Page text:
Do you all remember finsta? The separate Instagram accounts you would make where you would post the “real you” and only let a few people follow? Even though it was STILL a curated version of the “real you” because you are still sitting there choosing what to post online for an audience? That finsta?
Even though it was still a little fake, people rallied around finsta because it felt intimate. You were getting a peak behind the curtain, getting to know your friends on a deeper level while still meeting in a virtual space.
And that’s exactly why Spotify Wrapped is so exciting — there’s no hiding.
Spotify Wrapped originally debuted as “Year in Music” in 2015, offering listeners a playlist based on their listening data over the last year. For perspective, here is what Instagram looked like in 2015 (pictured right)
2015 was also the first year that Instagram debuted instant messaging (Instagram Direct,) the ability to have your pictures in portrait OR landscape mode, and of course, the Boomerang feature. There still weren’t Instagram stories yet, that was 2016.
These features were major steps in Instagram making a name for themselves in the social-media-verse, eventually making their way to the most popular app in 2022. And while Instagram can absolutely be used in positive ways, making spaces for true art and connection, it is hard to look away from the harm that immersing yourself in the platform can cause as edited content takes up a large space.
Editing photos, even editing selfies, isn’t always a bad thing. You can do what you want with your posts, and it can be fun to try different filters and settings both inside the app and not. However, it is hard to ignore that editing selfies and other posts can skew harmful, and cause a dissociation between what is achievable and what is not. Influencers in a 2019 report admitted that their job is affecting their mental health, and those consuming their content continue to struggle with theirs.
Not to mention that people actively posting on Instagram have a tendency to skew to the “highlight reel” mentality. The platform has an incredible power to be a digital scrapbook of memories to look back on — but this means that days spent laying in bed are often omitted from the feed in favor of a vacation post. This assists in altering our perception of attainability as we watch what looks like an endless parade of fancy dinners and trips from our own bedrooms.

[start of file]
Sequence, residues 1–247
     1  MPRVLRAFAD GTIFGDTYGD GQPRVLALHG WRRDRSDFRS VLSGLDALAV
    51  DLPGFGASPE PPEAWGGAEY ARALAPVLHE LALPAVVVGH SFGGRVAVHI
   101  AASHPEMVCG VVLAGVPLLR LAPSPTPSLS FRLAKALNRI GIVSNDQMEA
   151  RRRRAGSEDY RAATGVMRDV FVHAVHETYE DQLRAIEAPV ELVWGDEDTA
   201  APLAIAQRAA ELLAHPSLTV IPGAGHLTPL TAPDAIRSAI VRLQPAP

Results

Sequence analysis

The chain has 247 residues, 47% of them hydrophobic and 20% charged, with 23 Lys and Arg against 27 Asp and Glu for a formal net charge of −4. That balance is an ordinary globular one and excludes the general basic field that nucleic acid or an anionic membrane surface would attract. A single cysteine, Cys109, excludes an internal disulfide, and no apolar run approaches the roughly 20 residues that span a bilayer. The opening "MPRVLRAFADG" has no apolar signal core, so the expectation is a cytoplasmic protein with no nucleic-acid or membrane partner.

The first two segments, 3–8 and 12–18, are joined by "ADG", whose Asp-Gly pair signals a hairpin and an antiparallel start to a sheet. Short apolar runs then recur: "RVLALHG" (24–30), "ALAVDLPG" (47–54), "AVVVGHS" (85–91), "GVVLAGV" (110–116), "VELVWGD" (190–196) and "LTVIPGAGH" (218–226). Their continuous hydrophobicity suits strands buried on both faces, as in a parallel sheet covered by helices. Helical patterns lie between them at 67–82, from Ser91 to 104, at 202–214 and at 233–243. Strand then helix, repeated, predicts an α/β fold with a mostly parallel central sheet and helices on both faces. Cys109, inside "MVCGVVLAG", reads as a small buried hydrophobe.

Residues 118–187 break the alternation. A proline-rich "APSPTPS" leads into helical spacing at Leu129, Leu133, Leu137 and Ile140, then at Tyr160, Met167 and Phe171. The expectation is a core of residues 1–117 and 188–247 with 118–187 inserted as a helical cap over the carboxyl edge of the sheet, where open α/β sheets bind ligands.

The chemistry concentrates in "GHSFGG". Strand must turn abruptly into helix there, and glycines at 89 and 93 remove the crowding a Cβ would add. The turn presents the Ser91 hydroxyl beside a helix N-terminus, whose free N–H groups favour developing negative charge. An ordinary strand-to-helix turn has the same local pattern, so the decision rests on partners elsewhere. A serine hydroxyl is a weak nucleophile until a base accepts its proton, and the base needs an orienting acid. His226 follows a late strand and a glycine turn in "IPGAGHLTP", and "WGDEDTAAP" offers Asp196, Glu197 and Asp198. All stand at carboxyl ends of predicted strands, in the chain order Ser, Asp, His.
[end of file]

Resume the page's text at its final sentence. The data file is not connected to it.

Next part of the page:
On Spotify Wrapped day, Instagram has an entirely different energy. It takes effort to find an Instagram story NOT sharing at least one piece of their Wrapped, if not the whole thing. This is the most genuine content that we come across anymore, and all at once. Your friends post a Wrapped with a song you showed them, or an artist from a concert you saw together. Someone you don’t know that well posts one of your favorite bands and it brings you together. A podcast you love posts their top podcasts, and you find more to learn and grow with. Your partner posts a Wrapped with your song in the top 5. Your whole feed is celebrating their authentic selves, and you are baring your soul with them.
And I mean, of course it’s authentic:
But hey… you can’t fib data.
And if you’re one of the people who leaves their Spotify on all night to try and fib that data — you’re probably blocked from my Instagram.
Hannah is an accidental internet meme, drummer, loud talker, and proud owner of a purse that functions as a working analog clock. She got the media writer gene from her dad, PF Wilson, another writer for Pop Culture Beast. Her favorite bands come and go on a seasonal rotation, but Marina & The Diamonds and Say Anything are here to say. She’s probably watching The Grand Budapest Hotel right now, but if she isn’t, she’s out photographing rock concerts.